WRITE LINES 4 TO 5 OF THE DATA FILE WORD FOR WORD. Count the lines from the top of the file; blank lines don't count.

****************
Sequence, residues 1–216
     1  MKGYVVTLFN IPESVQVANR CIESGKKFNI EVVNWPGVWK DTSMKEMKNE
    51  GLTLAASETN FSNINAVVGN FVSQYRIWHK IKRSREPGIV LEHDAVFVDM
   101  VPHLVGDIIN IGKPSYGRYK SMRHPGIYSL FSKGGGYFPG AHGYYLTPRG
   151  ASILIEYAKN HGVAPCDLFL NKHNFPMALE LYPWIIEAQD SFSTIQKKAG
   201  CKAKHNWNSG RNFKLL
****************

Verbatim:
   101  VPHLVGDIIN IGKPSYGRYK SMRHPGIYSL FSKGGGYFPG AHGYYLTPRG
   151  ASILIEYAKN HGVAPCDLFL NKHNFPMALE LYPWIIEAQD SFSTIQKKAG